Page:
Group creates light-emitting electrochemical cell for use in textiles

March 24, 2015 by Bob Yirka report
Fiber-shaped polymer light-emitting electrochemical cells with tunable colors are twisted together to generate colorful lights. Credit: Zhitao Zhang

A large team of researchers in China has developed a type of light emitting electrochemical cell (LEC) that can be woven into fabric material. As the team notes in their paper published in the journal Nature Photonics, their cells can be used to create wearable electronics. Henk Bolink and Enrique Ortí with the University of Valencia in Spain, offer a News & Views piece on the work done by the team in the same journal issue.

Ever since the development of OLEDs, researchers have been hot on the idea of using them to create wearable electronics, such as clothes that light up like an LED screen. But OLEDs proved too difficult to weave into fiber, which led researchers to LECs, which are essentially OLEDs with salt added to overcome some of the limitations of OLEDs. In this new effort the researchers in China have found a way to create LECs that are both strong enough and flexible enough to allow for weaving into textile fabrics.

To make the LECs, the researchers started with a tiny bare wire, which they coated with zinc oxide nanoparticles; that was followed by applying an electroluminescent polymer and than a transparent layer of carbon nanotubes—the result is a cell that is long, flexible and thin allowing for weaving into fabric. Currently, fabrics created with the cells emit just blue and yellow light (when subjected to just a few volts of electricity) but the team reports it will be a simple matter to add many more colors. The team also reports that the process for making the cells can be ramped up easily, which means the cells, and clothes with them, could be available for sale in the very near future.

There is still one down side, however, the light generated by the cells only persists for a few hours—after that they grow less and less bright. But that problem may be temporary as well, as other ongoing research with LECs suggests that much longer lasting cells may soon be made. If such do become available it could mark a rapid change in clothing, from body suits that show mood by color, to human billboards, to clothes that up in artistic ways, sort of like glowing tattoos.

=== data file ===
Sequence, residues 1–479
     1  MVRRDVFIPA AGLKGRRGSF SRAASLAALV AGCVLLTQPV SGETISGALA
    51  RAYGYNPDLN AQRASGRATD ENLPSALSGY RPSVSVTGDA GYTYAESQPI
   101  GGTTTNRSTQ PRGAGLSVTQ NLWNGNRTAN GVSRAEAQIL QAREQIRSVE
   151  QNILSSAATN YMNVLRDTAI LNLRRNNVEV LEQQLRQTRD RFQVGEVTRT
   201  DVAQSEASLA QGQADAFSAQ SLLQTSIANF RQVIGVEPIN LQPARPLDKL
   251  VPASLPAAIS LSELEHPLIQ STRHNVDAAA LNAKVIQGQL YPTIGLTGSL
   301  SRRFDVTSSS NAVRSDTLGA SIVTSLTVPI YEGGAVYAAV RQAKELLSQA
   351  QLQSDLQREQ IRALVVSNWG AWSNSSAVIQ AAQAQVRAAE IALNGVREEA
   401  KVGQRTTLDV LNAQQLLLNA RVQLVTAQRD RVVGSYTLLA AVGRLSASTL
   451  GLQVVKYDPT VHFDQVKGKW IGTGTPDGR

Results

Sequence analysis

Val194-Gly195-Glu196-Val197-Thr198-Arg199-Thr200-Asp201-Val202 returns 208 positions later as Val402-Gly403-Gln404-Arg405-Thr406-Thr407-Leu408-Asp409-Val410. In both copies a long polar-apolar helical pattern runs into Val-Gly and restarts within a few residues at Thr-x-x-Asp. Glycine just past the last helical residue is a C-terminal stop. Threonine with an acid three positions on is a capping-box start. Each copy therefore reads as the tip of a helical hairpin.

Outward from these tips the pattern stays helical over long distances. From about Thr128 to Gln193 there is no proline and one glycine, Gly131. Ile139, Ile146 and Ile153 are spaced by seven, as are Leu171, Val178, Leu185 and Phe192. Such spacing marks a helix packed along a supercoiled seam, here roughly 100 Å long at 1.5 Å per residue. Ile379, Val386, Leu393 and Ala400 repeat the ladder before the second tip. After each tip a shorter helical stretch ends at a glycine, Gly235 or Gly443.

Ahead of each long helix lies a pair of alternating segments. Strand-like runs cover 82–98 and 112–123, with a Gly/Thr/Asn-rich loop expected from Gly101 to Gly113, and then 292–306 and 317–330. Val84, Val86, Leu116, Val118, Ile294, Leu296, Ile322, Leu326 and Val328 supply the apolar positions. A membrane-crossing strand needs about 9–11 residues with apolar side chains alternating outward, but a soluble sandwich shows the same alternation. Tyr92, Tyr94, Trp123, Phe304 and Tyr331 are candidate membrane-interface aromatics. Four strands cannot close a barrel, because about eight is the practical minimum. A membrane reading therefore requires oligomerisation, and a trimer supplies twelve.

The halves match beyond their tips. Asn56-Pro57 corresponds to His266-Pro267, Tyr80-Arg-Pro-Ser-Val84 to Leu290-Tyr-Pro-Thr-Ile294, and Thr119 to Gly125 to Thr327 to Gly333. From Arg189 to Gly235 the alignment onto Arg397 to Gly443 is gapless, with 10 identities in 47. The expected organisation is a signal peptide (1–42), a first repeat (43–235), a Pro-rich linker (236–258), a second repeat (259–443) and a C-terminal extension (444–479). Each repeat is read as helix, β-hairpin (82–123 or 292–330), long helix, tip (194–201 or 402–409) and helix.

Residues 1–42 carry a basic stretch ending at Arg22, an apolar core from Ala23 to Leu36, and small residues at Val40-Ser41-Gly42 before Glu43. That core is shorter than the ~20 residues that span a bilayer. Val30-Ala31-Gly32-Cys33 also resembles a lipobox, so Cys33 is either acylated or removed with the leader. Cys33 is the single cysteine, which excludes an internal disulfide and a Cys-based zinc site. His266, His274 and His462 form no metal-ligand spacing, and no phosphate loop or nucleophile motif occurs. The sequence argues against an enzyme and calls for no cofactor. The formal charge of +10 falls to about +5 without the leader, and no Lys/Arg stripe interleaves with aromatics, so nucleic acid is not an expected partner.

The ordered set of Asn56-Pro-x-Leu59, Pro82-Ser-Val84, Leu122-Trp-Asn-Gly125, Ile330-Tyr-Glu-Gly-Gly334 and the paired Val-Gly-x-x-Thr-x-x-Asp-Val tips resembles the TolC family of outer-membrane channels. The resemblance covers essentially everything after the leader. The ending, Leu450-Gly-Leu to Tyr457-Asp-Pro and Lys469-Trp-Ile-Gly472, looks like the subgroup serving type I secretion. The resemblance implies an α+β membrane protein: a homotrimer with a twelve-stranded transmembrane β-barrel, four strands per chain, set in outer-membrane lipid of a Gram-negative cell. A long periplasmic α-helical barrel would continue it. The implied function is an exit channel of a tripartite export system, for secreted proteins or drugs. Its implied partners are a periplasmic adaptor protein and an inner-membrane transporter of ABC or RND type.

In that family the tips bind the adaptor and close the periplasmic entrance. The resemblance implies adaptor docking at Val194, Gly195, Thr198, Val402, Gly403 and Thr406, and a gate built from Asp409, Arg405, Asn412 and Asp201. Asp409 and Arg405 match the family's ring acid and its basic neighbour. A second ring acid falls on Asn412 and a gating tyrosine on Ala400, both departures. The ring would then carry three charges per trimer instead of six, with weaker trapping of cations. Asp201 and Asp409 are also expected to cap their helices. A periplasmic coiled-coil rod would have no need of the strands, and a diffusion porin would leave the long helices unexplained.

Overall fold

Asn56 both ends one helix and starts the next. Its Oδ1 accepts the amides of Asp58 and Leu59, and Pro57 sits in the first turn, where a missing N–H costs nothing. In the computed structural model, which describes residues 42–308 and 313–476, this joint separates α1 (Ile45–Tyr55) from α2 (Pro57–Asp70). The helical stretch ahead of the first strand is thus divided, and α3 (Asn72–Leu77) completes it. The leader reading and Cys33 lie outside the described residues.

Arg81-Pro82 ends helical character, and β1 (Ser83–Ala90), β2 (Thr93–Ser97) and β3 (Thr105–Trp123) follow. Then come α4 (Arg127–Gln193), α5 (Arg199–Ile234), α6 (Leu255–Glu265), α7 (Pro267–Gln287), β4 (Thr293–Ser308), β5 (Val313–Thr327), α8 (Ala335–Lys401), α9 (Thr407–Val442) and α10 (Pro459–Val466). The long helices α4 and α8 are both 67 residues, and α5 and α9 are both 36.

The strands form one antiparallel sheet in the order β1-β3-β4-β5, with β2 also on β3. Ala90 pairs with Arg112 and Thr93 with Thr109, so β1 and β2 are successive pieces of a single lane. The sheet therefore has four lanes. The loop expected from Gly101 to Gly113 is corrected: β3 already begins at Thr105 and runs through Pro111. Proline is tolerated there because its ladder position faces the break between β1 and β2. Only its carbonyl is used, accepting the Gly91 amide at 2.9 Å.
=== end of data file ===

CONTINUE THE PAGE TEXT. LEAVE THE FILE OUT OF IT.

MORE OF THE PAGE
Prototype of the light-emitting fibre. Credit: Huisheng Peng

Explore further: Light control technique could lead to tunable lighting and displays

More information: A colour-tunable, weavable fibre-shaped polymer light-emitting electrochemical cell, Nature Photonics (2015) DOI: 10.1038/nphoton.2015.37

The emergence of wearable electronics and optoelectronics requires the development of devices that are not only highly flexible but can also be woven into textiles to offer a truly integrated solution. Here, we report a colour-tunable, weavable fibre-shaped polymer light-emitting electrochemical cell (PLEC). The fibre-shaped PLEC is fabricated using all-solution-based processes that can be scaled up for practical applications. The design has a coaxial structure comprising a modified metal wire cathode and a conducting aligned carbon nanotube sheet anode, with an electroluminescent polymer layer sandwiched between them. The fibre shape offers unique and promising advantages. For example, the luminance is independent of viewing angle, the fibre-shaped PLEC can provide a variety of different and tunable colours, it is lightweight, flexible and wearable, and it can potentially be woven into light-emitting clothes for the creation of smart fabrics.

Related Stories

Future light component produced in printing press

August 15, 2012

( -- In the August issue of Nature Communications, Professor Ludvig Edman and PhD Andreas Sandström at Umeå University, report that they have produced organic light-emitting electrochemical cells (LECs) ...

Flexible silicon solar-cell fabrics may soon become possible

December 6, 2012

For the first time, a silicon-based optical fiber with solar-cell capabilities has been developed that has been shown to be scalable to many meters in length. The research opens the door to the possibility of weaving together ...

Recommended for you

Engineers discover a high-speed nano-avalanche

August 24, 2016

Charles McLaren, a doctoral student in materials science and engineering at Lehigh University, arrived last fall for his semester of research at the University of Marburg in Germany with his language skills significantly ...

Understanding nature's patterns with plasmas

August 23, 2016

Patterns abound in nature, from zebra stripes and leopard spots to honeycombs and bands of clouds. Somehow, these patterns form and organize all by themselves. To better understand how, researchers have now created a new ...

NIST's compact gyroscope may turn heads

August 23, 2016

Shrink rays may exist only in science fiction, but similar effects are at work in the real world at the National Institute of Standards and Technology (NIST).

1 comment

Adjust slider to filter visible comments by rank

Display comments: newest first

not rated yet Mar 31, 2015
Tron like Clones in the future?

Please sign in to add a comment. Registration is free, and takes less than a minute. Read more

Click here to reset your password.
Sign in to get notified via email when new comments are made.